With the Royal Pageant taking place in a couple of months, it is opportune to learn a bit about the history of such grand events which were often the closest the great unwashed would get to see their Regal masters in the flesh.
In the days before television, and even decent newspapers, the pageant was not a bit of fun for the Monarch, but a necessary way for the Monarch to be “on display” to the populace and to remind them of the wealth and power of the Monarchy.
Sitting in their new subterranean display room, the National Maritime Museum has collected together some 400 items, including 50 from the Royal Collection and then put them into themed rooms in a dark and dimly lit space.
The darkness is actually a display form I quite like, as it makes the artefacts stand out without the clutter of the building getting in the way – and as many of the display are silver or gold gilt, the spotlights give them an almost ethereal atmosphere.
Starting with Tudor times, you can see letters written by Archbishop Cranmer to Archdeacon Hawkins arranging a pageant for the coronation of Anne Boleyn. It’s not intimated, but presumably King Henry VIII had quite a few marriage pageants?
As the river was the venue for the pageants, it was of equal importance that the backdrop was impressive, and a drawing of a proposed replacement Whitehall Palace by Inigo Jones was sadly never carried out. Lack of cash, and eventually, a lack of a head being the main reason why Charles I dropped the idea.
It’s not just Royalty though – as the Great Frost Fairs make an entrance in the form of paintings and a contemporary newspaper which describes the fair of 1683 as “London’s Admiration“.
Other drawings show some impressive panoramas of London, including a repro of what is thought to the be the earliest, dating from the 1540s, and running from Westminster to the Palace at Greenwich. A printed prospectus for improvements along the embankment from 1825 may be just a few inches high, but it is about a dozen feet in length.
Nelson is here, obviously.
More interestingly is some displays about the Thames Tunnel, including a famous panorama of the tunnel which includes the never constructed circular chambers which were wide enough for horse and cart to spiral down to the tunnel.
Dotted around in addition to the grand paintings, drawings and silverware are more humble displays of pottery and letters.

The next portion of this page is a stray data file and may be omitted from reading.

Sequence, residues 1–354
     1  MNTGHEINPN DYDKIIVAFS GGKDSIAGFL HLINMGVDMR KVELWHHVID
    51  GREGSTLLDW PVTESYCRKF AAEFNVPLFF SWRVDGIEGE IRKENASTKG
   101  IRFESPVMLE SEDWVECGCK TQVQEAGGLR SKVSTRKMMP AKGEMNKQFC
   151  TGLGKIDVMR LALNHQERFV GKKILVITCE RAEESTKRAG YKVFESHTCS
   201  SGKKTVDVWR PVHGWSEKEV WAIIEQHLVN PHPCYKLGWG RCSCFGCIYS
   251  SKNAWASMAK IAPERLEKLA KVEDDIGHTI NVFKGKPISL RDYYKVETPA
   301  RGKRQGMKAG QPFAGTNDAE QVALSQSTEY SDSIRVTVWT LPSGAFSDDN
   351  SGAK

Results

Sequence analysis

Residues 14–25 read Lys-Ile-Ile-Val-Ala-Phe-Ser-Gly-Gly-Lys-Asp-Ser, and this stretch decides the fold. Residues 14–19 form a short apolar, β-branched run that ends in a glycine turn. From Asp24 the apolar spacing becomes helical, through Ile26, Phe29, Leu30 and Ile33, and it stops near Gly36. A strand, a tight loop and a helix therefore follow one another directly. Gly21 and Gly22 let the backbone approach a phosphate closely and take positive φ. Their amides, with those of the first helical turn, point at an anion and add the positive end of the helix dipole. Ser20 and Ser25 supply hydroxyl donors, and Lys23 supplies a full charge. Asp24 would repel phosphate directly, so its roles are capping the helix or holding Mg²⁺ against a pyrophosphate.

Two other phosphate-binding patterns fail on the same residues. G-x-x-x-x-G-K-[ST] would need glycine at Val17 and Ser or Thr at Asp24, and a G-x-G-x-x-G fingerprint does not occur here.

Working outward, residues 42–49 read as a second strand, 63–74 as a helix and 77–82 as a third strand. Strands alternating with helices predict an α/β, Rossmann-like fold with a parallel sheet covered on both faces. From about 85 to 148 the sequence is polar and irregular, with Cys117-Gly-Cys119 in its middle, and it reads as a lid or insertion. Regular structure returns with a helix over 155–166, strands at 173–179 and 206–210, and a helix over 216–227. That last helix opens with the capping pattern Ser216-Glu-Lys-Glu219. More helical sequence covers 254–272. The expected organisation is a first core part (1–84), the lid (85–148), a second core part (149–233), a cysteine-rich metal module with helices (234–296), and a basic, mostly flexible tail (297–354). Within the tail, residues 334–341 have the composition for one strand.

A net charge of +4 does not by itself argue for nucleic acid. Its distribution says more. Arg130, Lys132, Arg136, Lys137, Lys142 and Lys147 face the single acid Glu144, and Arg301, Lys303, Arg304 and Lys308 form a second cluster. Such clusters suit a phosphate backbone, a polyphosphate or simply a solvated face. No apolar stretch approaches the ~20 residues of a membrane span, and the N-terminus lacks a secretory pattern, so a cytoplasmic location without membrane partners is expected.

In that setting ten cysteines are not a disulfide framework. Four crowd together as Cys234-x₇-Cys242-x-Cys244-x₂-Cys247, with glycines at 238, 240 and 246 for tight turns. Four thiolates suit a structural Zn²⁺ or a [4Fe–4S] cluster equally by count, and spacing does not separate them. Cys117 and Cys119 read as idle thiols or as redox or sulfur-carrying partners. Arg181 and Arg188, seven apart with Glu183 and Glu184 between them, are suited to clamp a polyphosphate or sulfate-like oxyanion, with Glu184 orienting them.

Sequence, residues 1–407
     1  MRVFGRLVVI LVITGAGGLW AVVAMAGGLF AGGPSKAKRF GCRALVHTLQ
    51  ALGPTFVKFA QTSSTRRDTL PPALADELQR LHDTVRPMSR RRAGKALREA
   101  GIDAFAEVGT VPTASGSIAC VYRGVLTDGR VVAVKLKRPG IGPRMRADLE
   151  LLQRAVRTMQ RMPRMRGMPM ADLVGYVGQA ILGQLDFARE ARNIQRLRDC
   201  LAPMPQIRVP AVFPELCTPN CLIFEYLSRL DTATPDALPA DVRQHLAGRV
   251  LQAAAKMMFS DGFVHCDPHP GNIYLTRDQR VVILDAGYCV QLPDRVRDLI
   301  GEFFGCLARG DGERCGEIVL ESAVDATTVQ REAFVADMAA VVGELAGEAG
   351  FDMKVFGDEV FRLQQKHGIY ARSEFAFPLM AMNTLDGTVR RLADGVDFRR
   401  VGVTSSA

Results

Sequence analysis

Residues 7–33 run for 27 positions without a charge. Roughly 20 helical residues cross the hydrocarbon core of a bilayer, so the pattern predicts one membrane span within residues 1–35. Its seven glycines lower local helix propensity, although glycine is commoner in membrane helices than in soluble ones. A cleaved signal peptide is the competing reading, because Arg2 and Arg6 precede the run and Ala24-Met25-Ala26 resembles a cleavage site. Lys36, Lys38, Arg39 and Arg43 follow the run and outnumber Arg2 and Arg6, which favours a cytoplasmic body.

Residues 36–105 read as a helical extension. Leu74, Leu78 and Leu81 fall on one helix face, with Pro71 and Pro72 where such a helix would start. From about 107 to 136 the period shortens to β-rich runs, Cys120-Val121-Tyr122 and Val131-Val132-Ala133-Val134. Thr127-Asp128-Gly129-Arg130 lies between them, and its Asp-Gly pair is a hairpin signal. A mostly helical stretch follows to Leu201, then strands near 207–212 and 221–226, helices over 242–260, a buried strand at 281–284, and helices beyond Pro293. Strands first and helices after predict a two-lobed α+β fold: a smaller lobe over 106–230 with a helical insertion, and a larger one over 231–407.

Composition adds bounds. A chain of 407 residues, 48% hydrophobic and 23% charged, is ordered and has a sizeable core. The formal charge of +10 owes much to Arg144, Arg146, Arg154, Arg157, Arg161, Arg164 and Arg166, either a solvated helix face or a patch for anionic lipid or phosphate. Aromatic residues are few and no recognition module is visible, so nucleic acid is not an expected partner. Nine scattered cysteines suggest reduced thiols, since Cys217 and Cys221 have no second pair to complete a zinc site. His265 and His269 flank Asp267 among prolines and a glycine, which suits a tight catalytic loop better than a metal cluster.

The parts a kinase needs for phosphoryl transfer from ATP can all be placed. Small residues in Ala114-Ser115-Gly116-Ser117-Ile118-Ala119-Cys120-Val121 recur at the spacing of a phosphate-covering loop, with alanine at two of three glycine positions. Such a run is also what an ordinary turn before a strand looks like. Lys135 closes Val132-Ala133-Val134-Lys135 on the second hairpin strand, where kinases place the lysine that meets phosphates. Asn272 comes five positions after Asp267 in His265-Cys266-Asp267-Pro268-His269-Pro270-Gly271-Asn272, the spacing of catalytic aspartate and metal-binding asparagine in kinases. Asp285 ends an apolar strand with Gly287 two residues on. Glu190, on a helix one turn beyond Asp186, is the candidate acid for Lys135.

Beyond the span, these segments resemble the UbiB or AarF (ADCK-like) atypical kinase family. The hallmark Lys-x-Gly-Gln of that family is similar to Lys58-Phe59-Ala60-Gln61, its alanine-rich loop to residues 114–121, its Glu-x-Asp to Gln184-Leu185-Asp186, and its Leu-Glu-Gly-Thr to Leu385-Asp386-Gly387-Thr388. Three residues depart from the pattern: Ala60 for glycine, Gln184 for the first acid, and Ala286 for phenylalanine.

Towards the end of the display, luring you down throughout is the huge wooden coat of arms that was originally on HMS Royal Charles. Quite a notable ship, she originally had a figurehead of Oliver Cromwell, which was removed when she went to collect Charles II from exile. The ship was later captured by the Dutch though, and scrapped.
Sitting next to it is something that will interest Deptford residents, a scale model of the Deptford Docks, which is proving of point of modern contention with plans to redevelop a plot of land sitting inside the old dock area.
A painting in the last room of London Bridge at Night painted in 1863 is wondrous to look at, and I rather wish the modern bridge had retained the same lighting system.
I also didn’t know that the Royal Yacht Britannia had visited London in 1954, and a photo shows it arriving at London and passing though Tower Bridge. The Queen will pass the other way in a few weeks time when the Diamond Jubilee carries out the first large scale pageant in some 350 years.
The exhibition though is open from this Friday until September – entry is £11, which I would say is a price I would be quite content to pay considering the size of the exhibition and the wide range of items on display.
I visited as part of the press preview day.
There is a shop, and they have a book accompanying the exhibition. A flick through the book had me coveting it, although the £35 price tag is daunting.
Do stop on the way out to admire the massively enlarged panorama of London that was given away in the London Illustrated News in 1845. I have an original copy of that, and am trying to work out how to scan it in digitally. One day!